Histrionics with your hummus?
Theatre is moving out of the confines of auditoriums and into a coffee shop or restaurant near you. The format that has gained popularity over the last year is slowly becoming the mainstay of stage performances in the city. Taking the art form to bistros, The Coimbatore Book Club (CBC) will stage two short Hindi plays at On The Go, deviating from their usual language of dialogue delivery - English. Their second performance in Hindi — the first being Bandar Ka Panja and Laawaris Bag in 2016 — Madhu Memsaab and Shaadi Ka Prastav are in response to a growing demand for Hindi theatre in the city.
Following the storylines of Thorton Wilder’s A Ringing of Doorbells and A Marriage Proposal by Anton Chekov, the plays directed by Monisha Mathur and translated by Sapna Maheshwar will be staged for the first time on November 28. “Each play takes about two or three writings to perfect,” explains Sapna on keeping the essence of the original story intact. The 60-year-old has been part of Coimbatore’s theatre scene for the last seven years and is known for creating modern renderings of classic plays — 3 Fat Women of Nilgiris based on The Three Women of Antibes by Somerset Maugham which was performed by CBC in September. Madhu Memsaab is a sardonic take on one of the seven deadly sins — envy, and takes up from Thorton’s script of A Ringing of Doorbells. A four-person play, the story is about a mother and daughter con duo who try to dupe the widow of an Army General.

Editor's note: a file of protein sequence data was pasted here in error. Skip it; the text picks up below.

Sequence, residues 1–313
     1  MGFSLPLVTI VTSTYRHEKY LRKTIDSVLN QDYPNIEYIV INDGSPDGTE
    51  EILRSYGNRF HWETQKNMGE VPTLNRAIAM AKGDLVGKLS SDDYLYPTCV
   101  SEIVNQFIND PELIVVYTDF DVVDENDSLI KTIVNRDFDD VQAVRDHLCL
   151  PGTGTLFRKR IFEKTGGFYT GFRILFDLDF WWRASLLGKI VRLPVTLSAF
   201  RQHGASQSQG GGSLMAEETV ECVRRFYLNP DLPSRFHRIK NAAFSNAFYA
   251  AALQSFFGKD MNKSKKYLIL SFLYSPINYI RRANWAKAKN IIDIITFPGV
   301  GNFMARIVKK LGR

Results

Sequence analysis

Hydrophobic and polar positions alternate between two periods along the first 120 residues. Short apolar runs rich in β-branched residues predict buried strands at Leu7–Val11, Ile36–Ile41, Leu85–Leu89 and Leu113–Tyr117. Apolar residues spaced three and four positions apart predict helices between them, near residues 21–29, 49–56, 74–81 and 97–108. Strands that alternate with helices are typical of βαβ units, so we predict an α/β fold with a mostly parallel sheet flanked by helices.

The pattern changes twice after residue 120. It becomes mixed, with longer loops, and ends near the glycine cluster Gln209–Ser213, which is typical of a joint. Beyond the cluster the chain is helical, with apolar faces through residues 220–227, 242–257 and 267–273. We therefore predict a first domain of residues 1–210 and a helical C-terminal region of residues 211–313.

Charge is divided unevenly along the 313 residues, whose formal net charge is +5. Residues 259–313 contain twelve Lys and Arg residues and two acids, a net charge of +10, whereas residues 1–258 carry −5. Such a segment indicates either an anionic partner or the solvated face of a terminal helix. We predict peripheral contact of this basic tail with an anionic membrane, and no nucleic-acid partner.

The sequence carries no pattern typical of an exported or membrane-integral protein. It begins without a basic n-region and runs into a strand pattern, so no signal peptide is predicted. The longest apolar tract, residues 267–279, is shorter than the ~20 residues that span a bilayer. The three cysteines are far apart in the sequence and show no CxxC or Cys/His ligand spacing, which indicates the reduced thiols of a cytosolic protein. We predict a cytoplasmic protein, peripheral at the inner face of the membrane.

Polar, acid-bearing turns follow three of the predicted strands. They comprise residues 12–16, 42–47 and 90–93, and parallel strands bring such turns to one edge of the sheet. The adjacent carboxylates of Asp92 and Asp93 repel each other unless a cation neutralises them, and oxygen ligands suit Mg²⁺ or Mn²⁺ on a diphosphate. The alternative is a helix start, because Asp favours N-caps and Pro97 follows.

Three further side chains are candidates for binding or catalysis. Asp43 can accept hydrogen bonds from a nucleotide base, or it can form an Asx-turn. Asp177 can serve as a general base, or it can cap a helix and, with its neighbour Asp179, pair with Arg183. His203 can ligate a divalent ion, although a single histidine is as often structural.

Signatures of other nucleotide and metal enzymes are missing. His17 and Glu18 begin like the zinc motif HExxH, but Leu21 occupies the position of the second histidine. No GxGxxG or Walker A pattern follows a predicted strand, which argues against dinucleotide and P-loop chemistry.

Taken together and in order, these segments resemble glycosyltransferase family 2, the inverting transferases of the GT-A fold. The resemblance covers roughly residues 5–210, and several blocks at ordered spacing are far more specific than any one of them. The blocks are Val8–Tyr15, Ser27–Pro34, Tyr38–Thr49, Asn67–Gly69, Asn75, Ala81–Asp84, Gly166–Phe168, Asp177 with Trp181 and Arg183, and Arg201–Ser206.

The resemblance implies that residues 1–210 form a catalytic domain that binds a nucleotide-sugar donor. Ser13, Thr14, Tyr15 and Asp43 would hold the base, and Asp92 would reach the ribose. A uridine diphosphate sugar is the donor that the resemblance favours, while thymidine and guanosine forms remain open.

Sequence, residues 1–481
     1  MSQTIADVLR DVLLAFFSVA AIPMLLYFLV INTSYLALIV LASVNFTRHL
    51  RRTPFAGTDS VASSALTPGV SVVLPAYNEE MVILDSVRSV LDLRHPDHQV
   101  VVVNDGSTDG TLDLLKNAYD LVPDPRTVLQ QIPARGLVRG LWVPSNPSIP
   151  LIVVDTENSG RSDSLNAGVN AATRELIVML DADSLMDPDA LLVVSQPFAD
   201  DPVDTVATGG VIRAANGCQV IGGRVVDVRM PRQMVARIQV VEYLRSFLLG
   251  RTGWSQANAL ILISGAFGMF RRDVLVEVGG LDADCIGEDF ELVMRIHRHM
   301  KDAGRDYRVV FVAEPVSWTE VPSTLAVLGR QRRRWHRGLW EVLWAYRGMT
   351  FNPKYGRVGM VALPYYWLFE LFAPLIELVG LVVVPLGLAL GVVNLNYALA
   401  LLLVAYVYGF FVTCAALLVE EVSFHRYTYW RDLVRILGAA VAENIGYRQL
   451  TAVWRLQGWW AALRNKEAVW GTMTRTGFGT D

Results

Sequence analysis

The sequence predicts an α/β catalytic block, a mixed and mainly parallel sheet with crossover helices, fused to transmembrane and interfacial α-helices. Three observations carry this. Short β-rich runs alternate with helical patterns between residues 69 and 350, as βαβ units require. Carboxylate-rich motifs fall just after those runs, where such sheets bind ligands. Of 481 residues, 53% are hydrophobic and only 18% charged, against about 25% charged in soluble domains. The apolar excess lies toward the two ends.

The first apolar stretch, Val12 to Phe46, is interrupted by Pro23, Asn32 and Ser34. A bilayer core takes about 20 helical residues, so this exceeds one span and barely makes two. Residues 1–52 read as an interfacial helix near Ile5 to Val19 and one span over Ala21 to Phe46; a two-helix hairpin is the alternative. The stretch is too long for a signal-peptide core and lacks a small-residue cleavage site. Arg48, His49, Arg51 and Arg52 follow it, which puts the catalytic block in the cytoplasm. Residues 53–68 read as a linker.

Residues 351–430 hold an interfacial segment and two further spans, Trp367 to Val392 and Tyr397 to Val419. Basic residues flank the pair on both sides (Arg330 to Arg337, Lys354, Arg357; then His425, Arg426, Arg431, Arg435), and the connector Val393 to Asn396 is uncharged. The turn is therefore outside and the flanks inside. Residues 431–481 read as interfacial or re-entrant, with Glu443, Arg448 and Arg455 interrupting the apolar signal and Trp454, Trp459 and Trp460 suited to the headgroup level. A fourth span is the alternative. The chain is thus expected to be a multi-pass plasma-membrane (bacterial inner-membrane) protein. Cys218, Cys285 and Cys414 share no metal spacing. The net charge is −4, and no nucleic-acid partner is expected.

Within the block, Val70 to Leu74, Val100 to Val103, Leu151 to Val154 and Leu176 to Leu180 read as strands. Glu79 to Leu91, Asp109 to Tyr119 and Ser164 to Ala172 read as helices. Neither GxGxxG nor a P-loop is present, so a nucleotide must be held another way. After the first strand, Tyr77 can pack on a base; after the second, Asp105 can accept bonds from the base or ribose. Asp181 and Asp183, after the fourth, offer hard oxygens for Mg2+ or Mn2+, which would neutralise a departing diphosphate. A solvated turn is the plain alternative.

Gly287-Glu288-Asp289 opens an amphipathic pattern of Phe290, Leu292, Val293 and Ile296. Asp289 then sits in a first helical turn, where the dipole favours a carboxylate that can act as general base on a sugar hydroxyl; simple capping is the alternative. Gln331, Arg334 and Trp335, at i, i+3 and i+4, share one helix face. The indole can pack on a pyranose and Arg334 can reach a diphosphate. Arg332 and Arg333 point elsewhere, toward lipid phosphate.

Sapna plays the title character of Madhu Memsaab, wife of the deceased general, who, despite knowledge of the duo’s ploy, allows the game to be played instead of throwing them out or turning them over to the police. Incidentally, the play is one of Thorton’s unfinished scripts and has multiple endings. “We decided to take some creative liberty with the Hindi version and create our own denouement,” she shares.
The second play, Shaadi Ka Prastav, explores the genre of situational humour. The fast-paced, dialogue-oriented play features the characters of Neel who is prone to anxiety and hypochondria, Natasha, a stubborn and headstrong girl, and her father. “The theme is based on two people who are destined to be together because of their argumentative personalities,” says Somy Sridas, who plays the character of the father.
Both the plays are distinctly different — a format that director Monisha has followed even in the past. “It allows the audience to engage with a spectrum of emotion,” says the 51-year-old, who is a familiar face at theatre productions in the city. Hosted by restaurateur Ranjana Singhal, the dinner following the two 25-minute plays will be a pre-plated meal consisting of regular menu specials — spinach and cheese cigars, garlic bread with cheese and herbs, lasagne and walnut brownies.
Rs 499. Tickets available at On The Go, Cafe Totaram and That’s Y Food. Details: 4520116
Pic credits: A Raja Chidambaram